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PLoS By Category | Recent PLoS Articles
Infectious Diseases - Microbiology - Molecular Biology - Otolaryngology

Regulation of Virulence Gene Expression Resulting from Streptococcus pneumoniae and Nontypeable Haemophilus influenzae Interactions in Chronic Disease
Published: Monday, December 05, 2011
Author: Emily K. Cope et al.

by Emily K. Cope, Natalia Goldstein-Daruech, Jennifer M. Kofonow, Lanette Christensen, Bridget McDermott, Fernando Monroy, James N. Palmer, Alexander G. Chiu, Mark E. Shirtliff, Noam A. Cohen, Jeff G. Leid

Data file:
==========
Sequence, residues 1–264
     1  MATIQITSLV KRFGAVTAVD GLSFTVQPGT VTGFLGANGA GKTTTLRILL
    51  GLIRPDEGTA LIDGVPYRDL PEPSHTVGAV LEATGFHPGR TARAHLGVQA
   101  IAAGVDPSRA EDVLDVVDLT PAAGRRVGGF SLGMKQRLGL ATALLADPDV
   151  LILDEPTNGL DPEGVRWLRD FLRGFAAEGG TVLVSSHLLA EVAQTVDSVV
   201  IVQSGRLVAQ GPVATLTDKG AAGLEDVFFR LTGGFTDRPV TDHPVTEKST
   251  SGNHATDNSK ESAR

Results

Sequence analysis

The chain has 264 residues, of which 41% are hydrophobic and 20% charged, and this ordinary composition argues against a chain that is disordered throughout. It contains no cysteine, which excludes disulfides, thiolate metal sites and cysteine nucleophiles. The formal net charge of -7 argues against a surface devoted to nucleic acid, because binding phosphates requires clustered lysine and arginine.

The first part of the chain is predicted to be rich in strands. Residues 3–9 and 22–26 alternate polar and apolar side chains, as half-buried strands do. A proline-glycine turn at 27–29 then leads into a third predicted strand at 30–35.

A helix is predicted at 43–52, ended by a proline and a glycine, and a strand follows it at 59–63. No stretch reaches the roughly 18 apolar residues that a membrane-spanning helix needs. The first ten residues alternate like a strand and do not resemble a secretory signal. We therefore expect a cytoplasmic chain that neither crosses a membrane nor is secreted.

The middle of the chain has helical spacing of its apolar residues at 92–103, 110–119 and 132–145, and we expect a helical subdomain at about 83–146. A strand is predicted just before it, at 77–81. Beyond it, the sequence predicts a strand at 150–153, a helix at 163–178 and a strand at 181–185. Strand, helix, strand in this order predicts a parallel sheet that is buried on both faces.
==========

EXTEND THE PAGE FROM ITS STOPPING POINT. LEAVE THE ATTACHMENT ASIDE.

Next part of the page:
Chronic rhinosinusitis (CRS) is a common inflammatory disease of the sinonasal cavity mediated, in part, by polymicrobial communities of bacteria. Recent molecular studies have confirmed the importance of Streptococcus pneumoniae and nontypeable Haemophilus influenzae (NTHi) in CRS. Here, we hypothesize that interaction between S. pneumoniae and NTHi mixed-species communities cause a change in bacterial virulence gene expression. We examined CRS as a model human disease to validate these polymicrobial interactions. Clinical strains of S. pneumoniae and NTHi were grown in mono- and co-culture in a standard biofilm assay. Reverse transcriptase real-time PCR (RTqPCR) was used to measure gene expression of key virulence factors. To validate these results, we investigated the presence of the bacterial RNA transcripts in excised human tissue from patients with CRS. Consequences of physical or chemical interactions between microbes were also investigated. Transcription of NTHi type IV pili was only expressed in co-culture in vitro, and expression could be detected ex vivo in diseased tissue. S. pneumoniae pyruvate oxidase was up-regulated in co-culture, while pneumolysin and pneumococcal adherence factor A were down-regulated. These results were confirmed in excised human CRS tissue. Gene expression was differentially regulated by physical contact and secreted factors. Overall, these data suggest that interactions between H. influenzae and S. pneumoniae involve physical and chemical mechanisms that influence virulence gene expression of mixed-species biofilm communities present in chronically diseased human tissue. These results extend previous studies of population-level virulence and provide novel insight into the importance of S. pneumoniae and NTHi in CRS.
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